The global economic crisis which we faced during 1997/98 has recovered on the third quarter of 2009. However, the growth is beginning to slow down this year, 2012. The global economy often depend on the status of developed countries and as for state economy, that usually depend on debt crisis as well as market confidence.
Today, global debt has increased to USD1 trillion with only slow growth. According to the report from the Global Wealth 2012 ran by Credit Suisse Research Institute, the total household debt rose to more than U.S. $ 1 trillion, debt to asset ratio increased on average by 50 cent from 2000 to 2008.
In a way, countries which has a comfortable economic status tend to have higher household debt.
Position on ratio of debt to assets in developed countries like the United States and United Kingdom shows the same pattern where they increase drastically from 2008 and it went down to around 20% in 2011-2012. The Economist reported that the record percentage of U.S. public debt from the GDP is at 74.2% or USD36,873.70 per capita and UK at 90.6% or USD35,325.24 per capita.
In Europe, taking Italy as an example, recorded debt to assets ratio of 11.1% in 2012, one of the lowest in the world but it is a substantial increase since it started on a low base. However, the total public debt in Italy registered a 120.7% percentage of GDP or USD40, 590.48 per capita.
Spain debt to asset ratio, however, recorded a 90% higher than in 2000 and there are no signs of decline while public debt percentage of GDP is 73.2% or about USD21, 837.18 per capita.
France recorded a debt to asset ratio of 12.8%, representing a decrease of 10% from ten years ago for improving assets. French public debt figures recorded 89.8% of GDP or USD36, 723.23 per capita.
Germany also succeeded in lowering the ratio of 24.3% in 2000 to just 16.4% this year. German public debt position stood at 82.8% of GDP or USD34, 224.93 per capita.
Singapore is reported to almost achieve the same performance as Germany in decreasing their debt while Malaysia and Philippine, according to Credit Suisse Research Institute’s report, was not clear, but both the countries probably have good records.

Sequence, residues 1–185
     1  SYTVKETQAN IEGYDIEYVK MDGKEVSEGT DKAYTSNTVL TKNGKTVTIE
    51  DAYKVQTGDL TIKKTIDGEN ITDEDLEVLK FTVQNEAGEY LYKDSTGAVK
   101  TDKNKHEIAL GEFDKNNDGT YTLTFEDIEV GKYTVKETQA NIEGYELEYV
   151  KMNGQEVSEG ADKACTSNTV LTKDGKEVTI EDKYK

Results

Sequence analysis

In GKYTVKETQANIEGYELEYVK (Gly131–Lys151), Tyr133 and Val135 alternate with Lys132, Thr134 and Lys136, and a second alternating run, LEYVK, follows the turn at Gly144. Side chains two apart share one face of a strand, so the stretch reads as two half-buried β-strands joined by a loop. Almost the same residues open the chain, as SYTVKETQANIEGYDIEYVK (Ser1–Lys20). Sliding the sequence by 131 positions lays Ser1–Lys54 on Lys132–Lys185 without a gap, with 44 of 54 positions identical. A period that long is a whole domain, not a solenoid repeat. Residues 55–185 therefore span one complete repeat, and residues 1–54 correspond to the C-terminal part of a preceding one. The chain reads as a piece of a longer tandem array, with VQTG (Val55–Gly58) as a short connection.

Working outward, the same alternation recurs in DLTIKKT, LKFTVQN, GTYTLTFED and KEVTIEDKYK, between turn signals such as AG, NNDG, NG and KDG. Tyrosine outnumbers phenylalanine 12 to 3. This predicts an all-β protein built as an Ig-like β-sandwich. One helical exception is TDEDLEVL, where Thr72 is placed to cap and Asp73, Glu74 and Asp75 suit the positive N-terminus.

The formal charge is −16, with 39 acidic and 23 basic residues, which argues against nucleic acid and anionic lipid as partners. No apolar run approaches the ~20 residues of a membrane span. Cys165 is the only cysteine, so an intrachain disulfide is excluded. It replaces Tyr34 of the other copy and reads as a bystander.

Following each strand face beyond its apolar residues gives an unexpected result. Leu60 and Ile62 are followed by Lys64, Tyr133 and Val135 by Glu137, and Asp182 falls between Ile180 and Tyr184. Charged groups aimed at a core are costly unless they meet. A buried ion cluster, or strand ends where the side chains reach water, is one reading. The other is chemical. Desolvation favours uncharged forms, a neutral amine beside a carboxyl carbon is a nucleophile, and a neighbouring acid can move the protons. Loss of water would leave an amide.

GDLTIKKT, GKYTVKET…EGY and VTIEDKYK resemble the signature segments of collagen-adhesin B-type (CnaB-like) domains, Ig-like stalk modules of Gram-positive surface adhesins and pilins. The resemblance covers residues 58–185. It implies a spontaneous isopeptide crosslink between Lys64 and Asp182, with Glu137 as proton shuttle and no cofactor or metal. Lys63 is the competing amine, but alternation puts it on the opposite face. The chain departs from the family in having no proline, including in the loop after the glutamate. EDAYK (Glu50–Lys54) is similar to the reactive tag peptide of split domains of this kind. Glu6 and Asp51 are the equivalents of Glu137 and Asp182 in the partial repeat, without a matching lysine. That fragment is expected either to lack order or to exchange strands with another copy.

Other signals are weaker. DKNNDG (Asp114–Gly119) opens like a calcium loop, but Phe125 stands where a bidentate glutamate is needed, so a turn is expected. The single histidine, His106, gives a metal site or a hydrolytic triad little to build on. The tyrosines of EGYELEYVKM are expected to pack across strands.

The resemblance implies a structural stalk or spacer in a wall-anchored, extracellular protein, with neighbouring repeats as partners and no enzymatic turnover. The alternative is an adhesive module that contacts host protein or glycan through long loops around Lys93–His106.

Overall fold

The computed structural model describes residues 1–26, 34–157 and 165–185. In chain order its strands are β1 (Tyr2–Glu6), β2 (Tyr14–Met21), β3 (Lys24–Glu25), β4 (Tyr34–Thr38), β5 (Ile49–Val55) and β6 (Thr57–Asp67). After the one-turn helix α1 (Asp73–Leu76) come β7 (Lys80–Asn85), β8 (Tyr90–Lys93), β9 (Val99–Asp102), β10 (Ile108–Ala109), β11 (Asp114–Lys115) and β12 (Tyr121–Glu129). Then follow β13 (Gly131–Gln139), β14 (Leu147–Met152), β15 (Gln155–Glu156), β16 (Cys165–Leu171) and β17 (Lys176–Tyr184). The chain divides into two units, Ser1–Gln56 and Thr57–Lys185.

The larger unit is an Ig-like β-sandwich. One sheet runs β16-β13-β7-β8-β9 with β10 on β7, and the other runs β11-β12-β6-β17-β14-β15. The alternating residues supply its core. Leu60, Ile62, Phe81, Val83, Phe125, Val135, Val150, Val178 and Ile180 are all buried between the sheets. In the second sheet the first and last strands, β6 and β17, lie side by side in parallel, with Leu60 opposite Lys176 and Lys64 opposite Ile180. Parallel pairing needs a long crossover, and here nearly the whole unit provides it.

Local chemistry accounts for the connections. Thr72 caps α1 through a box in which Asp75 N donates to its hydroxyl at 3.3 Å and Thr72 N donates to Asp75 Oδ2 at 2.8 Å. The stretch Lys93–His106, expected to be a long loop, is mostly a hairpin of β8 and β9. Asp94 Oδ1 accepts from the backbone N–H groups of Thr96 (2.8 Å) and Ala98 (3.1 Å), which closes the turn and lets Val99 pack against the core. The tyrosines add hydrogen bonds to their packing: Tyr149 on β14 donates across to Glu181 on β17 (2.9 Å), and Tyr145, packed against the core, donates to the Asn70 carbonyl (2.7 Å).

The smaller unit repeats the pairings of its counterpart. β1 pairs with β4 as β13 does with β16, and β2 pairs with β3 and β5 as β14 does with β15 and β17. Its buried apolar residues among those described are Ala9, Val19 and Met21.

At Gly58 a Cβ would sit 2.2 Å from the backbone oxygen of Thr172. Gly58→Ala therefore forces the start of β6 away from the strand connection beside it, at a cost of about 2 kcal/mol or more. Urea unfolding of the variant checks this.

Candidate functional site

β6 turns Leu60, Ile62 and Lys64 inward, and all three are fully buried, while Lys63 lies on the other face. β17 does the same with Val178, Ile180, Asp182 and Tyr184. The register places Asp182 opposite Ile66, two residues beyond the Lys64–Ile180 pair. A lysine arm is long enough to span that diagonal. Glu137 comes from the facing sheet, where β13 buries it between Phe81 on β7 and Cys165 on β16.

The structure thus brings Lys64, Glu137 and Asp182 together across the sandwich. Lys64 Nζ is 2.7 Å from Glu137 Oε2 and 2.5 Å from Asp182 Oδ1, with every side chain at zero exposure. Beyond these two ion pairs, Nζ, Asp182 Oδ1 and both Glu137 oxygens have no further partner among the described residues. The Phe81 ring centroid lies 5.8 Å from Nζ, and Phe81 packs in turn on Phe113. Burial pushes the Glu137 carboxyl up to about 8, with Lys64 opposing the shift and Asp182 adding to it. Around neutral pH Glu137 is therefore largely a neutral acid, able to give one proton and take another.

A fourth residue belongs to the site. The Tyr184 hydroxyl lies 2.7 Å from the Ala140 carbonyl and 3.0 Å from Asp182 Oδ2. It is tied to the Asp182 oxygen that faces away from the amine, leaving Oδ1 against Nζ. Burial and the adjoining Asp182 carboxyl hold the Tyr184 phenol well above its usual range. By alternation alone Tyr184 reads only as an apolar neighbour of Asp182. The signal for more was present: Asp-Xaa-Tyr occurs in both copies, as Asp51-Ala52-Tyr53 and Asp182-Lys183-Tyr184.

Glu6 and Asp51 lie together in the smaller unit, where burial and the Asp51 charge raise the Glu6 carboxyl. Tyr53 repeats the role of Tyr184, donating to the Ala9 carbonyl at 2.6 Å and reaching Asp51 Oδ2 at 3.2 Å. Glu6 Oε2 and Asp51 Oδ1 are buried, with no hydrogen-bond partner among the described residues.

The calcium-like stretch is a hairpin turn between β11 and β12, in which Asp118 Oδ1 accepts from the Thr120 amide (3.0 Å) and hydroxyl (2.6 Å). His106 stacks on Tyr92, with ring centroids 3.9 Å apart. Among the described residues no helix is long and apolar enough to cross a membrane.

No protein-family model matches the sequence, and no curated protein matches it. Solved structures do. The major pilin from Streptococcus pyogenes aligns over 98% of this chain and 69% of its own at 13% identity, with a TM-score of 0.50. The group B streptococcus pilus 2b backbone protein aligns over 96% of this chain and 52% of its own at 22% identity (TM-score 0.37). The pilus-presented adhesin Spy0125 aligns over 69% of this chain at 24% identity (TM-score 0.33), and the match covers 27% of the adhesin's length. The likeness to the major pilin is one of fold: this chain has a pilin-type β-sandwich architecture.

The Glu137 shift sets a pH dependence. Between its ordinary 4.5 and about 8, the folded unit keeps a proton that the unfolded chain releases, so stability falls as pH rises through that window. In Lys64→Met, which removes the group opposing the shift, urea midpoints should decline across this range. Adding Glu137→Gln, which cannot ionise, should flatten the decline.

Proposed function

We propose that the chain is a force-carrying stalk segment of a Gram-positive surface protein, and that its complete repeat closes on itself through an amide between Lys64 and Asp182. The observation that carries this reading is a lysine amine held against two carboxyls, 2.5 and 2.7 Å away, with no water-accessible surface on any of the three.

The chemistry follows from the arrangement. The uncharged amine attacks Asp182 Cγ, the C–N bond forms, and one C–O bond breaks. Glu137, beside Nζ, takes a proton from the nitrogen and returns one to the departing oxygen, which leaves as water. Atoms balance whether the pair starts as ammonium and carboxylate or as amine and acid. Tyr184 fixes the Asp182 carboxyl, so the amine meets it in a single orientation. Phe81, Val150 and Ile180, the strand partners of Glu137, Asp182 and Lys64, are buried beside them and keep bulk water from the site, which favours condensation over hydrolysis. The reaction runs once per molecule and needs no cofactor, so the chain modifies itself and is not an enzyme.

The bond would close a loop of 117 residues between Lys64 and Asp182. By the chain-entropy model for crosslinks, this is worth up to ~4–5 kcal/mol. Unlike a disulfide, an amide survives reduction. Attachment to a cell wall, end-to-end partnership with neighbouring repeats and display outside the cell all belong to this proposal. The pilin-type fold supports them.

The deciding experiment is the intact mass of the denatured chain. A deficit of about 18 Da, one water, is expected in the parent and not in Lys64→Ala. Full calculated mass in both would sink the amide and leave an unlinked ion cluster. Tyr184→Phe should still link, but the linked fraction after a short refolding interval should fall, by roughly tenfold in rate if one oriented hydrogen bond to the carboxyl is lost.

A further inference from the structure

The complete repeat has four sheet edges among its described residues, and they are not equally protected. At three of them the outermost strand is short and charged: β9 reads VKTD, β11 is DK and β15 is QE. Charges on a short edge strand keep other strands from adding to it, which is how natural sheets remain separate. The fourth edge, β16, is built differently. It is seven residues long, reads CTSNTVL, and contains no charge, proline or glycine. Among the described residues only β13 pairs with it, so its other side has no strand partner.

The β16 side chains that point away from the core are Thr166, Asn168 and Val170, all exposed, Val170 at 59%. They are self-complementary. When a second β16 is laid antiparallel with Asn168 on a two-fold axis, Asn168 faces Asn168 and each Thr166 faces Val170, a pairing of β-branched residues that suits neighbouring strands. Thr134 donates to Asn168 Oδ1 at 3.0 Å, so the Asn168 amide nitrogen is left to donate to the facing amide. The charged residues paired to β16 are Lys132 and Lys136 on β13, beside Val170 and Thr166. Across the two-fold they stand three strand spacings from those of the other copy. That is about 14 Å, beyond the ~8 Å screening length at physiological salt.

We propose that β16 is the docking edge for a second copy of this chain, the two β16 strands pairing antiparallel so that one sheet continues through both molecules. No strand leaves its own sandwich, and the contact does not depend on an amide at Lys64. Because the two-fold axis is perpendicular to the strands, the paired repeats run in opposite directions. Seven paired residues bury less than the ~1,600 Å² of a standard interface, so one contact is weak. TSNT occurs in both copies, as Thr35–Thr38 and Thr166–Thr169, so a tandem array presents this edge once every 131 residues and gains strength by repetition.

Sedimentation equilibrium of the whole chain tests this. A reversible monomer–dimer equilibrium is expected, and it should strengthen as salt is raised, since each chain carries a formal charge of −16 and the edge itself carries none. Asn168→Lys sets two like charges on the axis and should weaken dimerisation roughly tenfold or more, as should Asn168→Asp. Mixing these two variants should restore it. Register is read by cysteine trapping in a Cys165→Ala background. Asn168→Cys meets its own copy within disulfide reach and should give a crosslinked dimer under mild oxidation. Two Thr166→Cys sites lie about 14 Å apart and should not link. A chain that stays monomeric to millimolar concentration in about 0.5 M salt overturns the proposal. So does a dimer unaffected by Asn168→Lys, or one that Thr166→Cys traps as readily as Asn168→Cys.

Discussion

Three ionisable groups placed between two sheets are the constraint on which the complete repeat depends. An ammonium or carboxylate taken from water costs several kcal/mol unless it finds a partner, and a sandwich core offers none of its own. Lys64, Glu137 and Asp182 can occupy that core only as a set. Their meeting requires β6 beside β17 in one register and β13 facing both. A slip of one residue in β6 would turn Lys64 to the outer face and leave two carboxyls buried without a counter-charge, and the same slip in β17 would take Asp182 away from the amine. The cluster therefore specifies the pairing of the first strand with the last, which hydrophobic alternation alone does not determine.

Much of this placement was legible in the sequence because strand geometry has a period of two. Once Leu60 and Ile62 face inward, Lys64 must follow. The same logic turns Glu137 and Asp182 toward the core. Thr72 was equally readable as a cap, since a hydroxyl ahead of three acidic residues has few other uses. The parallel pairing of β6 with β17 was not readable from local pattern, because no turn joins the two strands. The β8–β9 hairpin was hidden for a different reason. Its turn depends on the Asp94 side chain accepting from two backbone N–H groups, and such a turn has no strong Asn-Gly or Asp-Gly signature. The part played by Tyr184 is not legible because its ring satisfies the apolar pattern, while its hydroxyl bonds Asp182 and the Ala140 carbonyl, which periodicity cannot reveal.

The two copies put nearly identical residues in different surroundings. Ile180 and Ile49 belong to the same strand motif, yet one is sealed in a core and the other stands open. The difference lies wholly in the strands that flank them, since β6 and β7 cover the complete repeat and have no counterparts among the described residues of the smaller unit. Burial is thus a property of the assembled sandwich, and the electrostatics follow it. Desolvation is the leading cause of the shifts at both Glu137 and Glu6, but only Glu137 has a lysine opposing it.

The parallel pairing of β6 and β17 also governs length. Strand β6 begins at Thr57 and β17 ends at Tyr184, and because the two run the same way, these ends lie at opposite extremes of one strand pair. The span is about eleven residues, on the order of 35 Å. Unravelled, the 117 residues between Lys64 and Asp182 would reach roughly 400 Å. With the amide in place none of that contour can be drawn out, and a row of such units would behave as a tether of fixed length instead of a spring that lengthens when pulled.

However, according to The Economist, position of Malaysia’s public debt to GDP is 56.7%, or USD5, 903.21 per capita, the Philippines 46.6% or USD1, 209.84 per capita, and Singapore 96.4% or USD50, 074.83 per capita.
Just like any other countries, Malaysia also could not avoid from getting the impact from the debt and economic crisis from America and Europe. The economic status in those developed countries has resulted in a decrease in the global market. Malaysia was affected with the situation through international trade and commodity prices. It also caused the global financial uncertainty, thus, affecting the financial position for Malaysia which made its impact on household income.
Due to that, the various warnings about the high debt position was never been taken for granted by the government.
Malaysia is lucky because the government often ensure that we would have various exports and we do not only depend on electrical components alone. Instead, the government even covers other manufacturing industries, other than commodity. This also means that Malaysia has greater trading partners and it does not have to depend too much on developed countries. In 2011, 47% of Malaysia’s exports goes to Asian countries, while only 30.2% to the U.S. and Europe.
Taking note from the decrease in private investments since the Asian economic crisis in 1997 probably became an obstacle for economic growth, the government began to outline several strategic transformation to revitalize the private sector under the New Economic Model. They include developing a quality workforce and reducing foreign labor, building basic infrastructures, increasing resources and others.
To date, the measures taken by Malaysia has already demonstrated success in the Economic Report 2012/2013 by the Ministry of Finance where funds raised by the private sector through private sector debt securities increased significantly by 97.9 per cent to RM70.9 billion for the first seven months of 2012 compared to 67.7 per cent increase to RM35.8 billion previously.
Gross funds raised in the capital market increased significantly by 46.3 per cent to RM155.5 billion in the first seven months of this year and it has been supported mainly by the needs on infrastructure financing compared with 31.8 per cent increase to RM106.3 billion in the same period last year.
Funds raised by the public sector also grew 3.3 per cent to RM64.3 billion in the first seven months of 2012 compared with RM62.2 billion, an increase of 47.6 percent for the same period last year.
That is why, Malaysia could expect consistent growth even if the global economy became unstable.
The Malaysian government’s ability to look forward and making early preparations to face the world debt issue should be complimented. Without such performance, Malaysia might not have been able to achieve such great record.
Even though some still question the abilities and performance by the government, but the fact is, entrepreneurs around the world knows best. This is proven through the increase in foreign direct investment which came from the confidence of investors. The record on foreign direct investment which fell from RM24.1 billion in 2008 to RM5 billion in 2009 went up to RM29 billion in 2010 and to RM33 billion in 2011.
Malaysia is in second as the most competitive countries in Asia, 6th in Asia Pacific and 25th in the world. Malaysia is currently ranked 10th in the list of most reliable country for foreign investment, a huge leap from 21st back in 2010.